Psychologists Oppose Torture Yet Vote to Attend Terror Interrogations
After a raucous debate about what role - if any - psychologists should play in U.S. government interrogations of terror suspects, the American Psychological Association voted overwhelmingly on Sunday to reject a measure that would have in effect banned its members from those interrogations.
For the first time on record, the resolution lists specific treatment that the association opposes, including mock executions, water-boarding, sexual humiliation, induced hypothermia, hooding, using dogs to threaten and intimidate suspects, and sleep deprivation.
In the wake of the 9/11 terrorist attacks, these techniques have been used by U.S. authorities against terror suspects at Guantanamo Bay, Cuba, and other U.S. prisons to extract information, according to military officials and human rights activists.
Sunday's vote by the association's 165-member legislative council took place at the APA's convention in San Francisco. With 148,000 members, the American Psychological Association is the largest body of psychologists in the world.
Psychologists have overseen past U.S. interrogation of terror suspects, and are currently in Guantanamo Bay working with military authorities, said APA member Bill Strickland, a former U.S. Air Force research director and one of many speakers on Sunday who urged voting against the measure that would have banned participation in those interrogations.
The presence of psychologists at Guantanamo Bay and other military-detention centers helps guarantee the well-being of the terror suspects because it adds a layer of official oversight, said Strickland and Army Col. Larry James, who was the chief military psychologist at the Cuba prison in 2003.
"If we removed psychologists from these facilities, people are going to die," James told the convention.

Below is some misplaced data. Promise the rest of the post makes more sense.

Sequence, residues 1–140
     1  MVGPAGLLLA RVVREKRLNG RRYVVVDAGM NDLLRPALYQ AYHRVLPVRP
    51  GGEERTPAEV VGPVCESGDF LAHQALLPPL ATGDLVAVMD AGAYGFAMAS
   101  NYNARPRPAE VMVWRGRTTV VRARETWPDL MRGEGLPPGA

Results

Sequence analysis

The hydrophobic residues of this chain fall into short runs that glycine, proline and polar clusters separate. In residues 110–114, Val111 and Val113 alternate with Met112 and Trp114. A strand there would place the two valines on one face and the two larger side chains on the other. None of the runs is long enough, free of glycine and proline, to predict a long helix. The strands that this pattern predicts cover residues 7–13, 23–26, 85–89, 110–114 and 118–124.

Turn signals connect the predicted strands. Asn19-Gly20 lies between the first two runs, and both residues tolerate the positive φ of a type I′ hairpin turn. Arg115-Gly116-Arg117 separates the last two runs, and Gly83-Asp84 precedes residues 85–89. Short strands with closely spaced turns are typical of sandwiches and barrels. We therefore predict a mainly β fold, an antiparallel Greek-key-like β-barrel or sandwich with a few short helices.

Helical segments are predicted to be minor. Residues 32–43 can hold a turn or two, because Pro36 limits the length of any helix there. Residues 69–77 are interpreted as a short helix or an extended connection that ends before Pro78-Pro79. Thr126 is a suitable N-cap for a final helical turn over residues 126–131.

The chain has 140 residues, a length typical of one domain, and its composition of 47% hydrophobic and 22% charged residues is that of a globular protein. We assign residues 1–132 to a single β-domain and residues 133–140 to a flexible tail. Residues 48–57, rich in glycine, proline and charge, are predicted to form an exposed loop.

Supporters of the failed measure, which called for members not to cooperate with interrogations connected to prescribed practices, argued that psychologists' presence at these interrogations rubber-stamps various practices that are tantamount to torture.
"We're talking about places where people being interrogated don't have human rights!" said Neil Altman, a supporter of the moratorium.
In the large hall at the Marriott Hotel where the vote was taken, the speakers who advocated a ban were greeted with loud applause, as were those who argued in favor of the counter measure that reaffirmed the APA's stance against torture. But when two separate hand-votes were taken, an overwhelming number of council members rejected the ban and then supported the "reaffirmation" motion.
Steven Reisner, a New York City psychologist, said he would continue his effort to push for an outright ban.
He said the APA's listing of torture measures it opposes was an important first step, but that "this fight is going to continue as long as it has to."
"The APA named the abuses that are most widely used at CIA 'black sites' to torture detainees, and said they are unacceptable," said Reisner. "That is the positive thing I see here, and that will help the U.S. government to understand that this is unacceptable."
Before Sunday, other major health organizations, including the American Psychiatric Association and the American Medical Association, had previously proclaimed their opposition to various abusive interrogation techniques.
The American Psychological Association had also gone on record stating its vehemence to torture during interrogations, but until Sunday, it hadn't defined what it considered these techniques to be.
Sunday's passed resolution includes "an absolute prohibition against psychologists' knowingly planning, designing, and assisting in the use of torture and any form of cruel, inhuman or degrading treatment or punishment."
© 2007 Hearst Communications Inc.